203190 State legislative efforts to improve access to fruits and vegetables: A systematic examination of policies

Tuesday, November 10, 2009: 2:30 PM

Sonia A. Kim, PhD , Division of Nutrition, Physical Activity and Obesity, The Centers for Disease Control and Prevention, Atlanta, GA
Heidi M. Blanck, PhD , Division of Nutrition, Physical Activity and Obesity, The Centers for Disease Control and Prevention, Atlanta, GA
Dawn M. Wiese, MD , Case Western Reserve University School of Medicine, Cleveland, OH

Despite their benefits, few American's consume recommended levels of fruits and vegetables (F&V). To improve consumption, nutrition education is being augmented with environmental and policy approaches. This study sought to systematically examine state legislative efforts for F&V.


Key word searches were used to identify state legislation that intended to increase access to and production and consumption of F&V. Multiple databases were used: CDC's Division of Nutrition, Physical Activity and Obesity State Legislative database, the National Conference of State Legislatures database and Lexis-Nexis. Bills related to schools were excluded. Legislation was examined for multiple content areas (not mutually exclusive). Descriptive statistics were used to estimate the proportion of bills introduced and enacted.


Our systematic review of bills introduced during 2001-2008 identified 315 relevant bills of which 109 (35%) were enacted and 37 (12%) were pending action. Bills related to farmers' markets were the most common: 109 introduced; 50 enacted. Other common topics included: direct marketing/access (95 introduced; 30 enacted), local procurement/farm to institution (67; 21), agriculture/farming (39; 8), and food policy councils (31; 12). 43 states introduced legislation, with New York having the most bills introduced (58) and New Mexico having the most enacted (13). Legislation increased over time, with 14 bills introduced in the 2001-02 session (64% enacted), and 149 bills introduced in 2007-08 (35% enacted).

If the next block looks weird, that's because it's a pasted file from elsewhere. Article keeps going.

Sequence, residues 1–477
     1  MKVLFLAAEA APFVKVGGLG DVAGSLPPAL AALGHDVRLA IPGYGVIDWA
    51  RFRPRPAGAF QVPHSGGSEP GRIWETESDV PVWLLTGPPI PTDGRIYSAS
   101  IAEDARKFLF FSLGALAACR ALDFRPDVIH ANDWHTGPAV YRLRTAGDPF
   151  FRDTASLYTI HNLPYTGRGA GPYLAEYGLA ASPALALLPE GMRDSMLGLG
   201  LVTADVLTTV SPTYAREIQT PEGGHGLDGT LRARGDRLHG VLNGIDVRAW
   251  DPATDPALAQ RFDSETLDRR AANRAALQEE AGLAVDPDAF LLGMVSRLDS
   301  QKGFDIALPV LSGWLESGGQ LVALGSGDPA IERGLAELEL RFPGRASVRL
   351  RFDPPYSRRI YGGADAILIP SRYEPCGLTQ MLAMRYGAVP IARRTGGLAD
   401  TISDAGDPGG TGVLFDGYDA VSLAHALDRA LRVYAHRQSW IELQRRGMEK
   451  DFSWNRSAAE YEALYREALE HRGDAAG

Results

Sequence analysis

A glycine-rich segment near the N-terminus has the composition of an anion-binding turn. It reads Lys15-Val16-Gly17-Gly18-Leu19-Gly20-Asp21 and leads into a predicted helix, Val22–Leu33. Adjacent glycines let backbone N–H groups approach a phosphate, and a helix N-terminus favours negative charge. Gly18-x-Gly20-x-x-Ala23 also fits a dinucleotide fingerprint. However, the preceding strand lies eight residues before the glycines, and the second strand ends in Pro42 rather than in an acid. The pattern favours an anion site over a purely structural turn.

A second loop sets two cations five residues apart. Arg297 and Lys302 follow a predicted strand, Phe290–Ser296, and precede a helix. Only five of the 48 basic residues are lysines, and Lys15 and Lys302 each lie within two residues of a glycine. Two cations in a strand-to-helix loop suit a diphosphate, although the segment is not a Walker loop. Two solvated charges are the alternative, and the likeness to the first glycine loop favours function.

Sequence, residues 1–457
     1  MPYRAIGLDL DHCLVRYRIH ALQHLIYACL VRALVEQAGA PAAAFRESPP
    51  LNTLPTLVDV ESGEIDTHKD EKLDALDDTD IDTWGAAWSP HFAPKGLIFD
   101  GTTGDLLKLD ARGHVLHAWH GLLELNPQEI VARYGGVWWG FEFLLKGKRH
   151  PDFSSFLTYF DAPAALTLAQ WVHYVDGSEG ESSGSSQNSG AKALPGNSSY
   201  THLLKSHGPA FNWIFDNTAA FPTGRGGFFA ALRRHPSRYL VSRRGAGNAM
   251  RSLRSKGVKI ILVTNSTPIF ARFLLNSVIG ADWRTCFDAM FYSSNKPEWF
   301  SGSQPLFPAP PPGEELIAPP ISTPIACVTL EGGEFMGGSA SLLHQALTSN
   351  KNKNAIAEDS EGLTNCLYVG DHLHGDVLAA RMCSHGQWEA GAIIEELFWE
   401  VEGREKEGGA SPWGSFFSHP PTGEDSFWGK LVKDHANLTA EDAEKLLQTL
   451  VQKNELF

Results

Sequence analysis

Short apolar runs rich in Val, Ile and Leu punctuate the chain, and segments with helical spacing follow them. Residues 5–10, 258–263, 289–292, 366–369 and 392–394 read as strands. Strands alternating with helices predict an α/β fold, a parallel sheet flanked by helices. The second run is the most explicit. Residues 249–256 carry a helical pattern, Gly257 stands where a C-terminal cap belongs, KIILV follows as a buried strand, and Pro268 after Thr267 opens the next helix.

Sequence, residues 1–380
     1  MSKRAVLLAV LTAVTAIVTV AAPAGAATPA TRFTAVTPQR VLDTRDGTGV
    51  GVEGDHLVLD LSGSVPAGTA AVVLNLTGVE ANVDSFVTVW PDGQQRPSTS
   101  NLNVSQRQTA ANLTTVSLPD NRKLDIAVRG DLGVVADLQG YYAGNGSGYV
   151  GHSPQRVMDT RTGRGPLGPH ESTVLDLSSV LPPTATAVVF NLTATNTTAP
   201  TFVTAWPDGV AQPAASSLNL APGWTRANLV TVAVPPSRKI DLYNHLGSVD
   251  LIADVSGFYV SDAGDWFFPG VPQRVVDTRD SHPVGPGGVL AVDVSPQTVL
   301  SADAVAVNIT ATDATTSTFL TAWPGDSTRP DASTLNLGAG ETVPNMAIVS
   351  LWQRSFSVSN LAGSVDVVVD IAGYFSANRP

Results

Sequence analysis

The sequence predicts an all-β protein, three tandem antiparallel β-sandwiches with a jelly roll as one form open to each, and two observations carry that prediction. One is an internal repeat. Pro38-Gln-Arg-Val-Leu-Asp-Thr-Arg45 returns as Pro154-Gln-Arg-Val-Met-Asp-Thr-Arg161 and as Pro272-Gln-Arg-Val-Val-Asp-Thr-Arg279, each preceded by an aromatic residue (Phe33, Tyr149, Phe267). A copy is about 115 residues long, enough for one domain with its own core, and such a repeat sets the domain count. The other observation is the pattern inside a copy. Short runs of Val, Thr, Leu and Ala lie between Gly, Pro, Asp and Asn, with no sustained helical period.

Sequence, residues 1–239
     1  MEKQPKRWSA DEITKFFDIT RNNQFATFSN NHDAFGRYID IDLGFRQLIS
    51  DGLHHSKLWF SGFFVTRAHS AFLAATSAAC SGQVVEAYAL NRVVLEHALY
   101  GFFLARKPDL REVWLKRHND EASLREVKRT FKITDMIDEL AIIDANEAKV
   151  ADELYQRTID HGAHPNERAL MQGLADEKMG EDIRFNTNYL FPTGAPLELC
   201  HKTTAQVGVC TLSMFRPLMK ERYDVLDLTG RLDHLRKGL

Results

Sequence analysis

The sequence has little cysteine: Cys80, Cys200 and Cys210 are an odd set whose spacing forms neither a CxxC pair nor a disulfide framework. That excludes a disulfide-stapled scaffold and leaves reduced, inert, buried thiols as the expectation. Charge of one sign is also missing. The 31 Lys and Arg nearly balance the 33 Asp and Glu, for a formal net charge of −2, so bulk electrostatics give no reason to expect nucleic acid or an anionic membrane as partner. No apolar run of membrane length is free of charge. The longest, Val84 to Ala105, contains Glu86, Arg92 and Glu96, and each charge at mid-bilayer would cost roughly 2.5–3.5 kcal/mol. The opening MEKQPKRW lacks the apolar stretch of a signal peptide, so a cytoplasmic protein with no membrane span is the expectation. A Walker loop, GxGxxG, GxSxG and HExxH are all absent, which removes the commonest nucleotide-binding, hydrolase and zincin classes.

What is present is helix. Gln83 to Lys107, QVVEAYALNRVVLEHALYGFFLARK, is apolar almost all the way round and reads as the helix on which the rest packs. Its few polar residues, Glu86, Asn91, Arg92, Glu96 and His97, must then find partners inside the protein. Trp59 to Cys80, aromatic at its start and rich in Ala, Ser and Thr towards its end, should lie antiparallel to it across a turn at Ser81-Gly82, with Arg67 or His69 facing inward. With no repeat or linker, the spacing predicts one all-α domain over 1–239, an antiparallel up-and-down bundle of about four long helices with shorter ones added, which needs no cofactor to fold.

Standardized cataloging of legislation may enhance evaluation of policy-based nutrition strategies. Public health practitioners can use this information to educate decision makers about legislation related to F&V within state governments.

Learning Objectives:
1. List the 5 most common topics of fruit and vegetable related state legislation introduced and enacted from 2007-2008. 2. Describe geographic and time patterns of introduction and enactment of fruit and vegetable related state legislation. 3. List limitations in monitoring and cataloging state legislation.

Keywords: Policy/Policy Development, Food and Nutrition

Presenting author's disclosure statement:

Qualified on the content I am responsible for because: I have received my PhD in Nutrition from Emory University. I am currently involved in researching and monitoring methods of improving public health nutrition through increasing fruit and vegetable consumption via environment and policy strategies.
Any relevant financial relationships? No

I agree to comply with the American Public Health Association Conflict of Interest and Commercial Support Guidelines, and to disclose to the participants any off-label or experimental uses of a commercial product or service discussed in my presentation.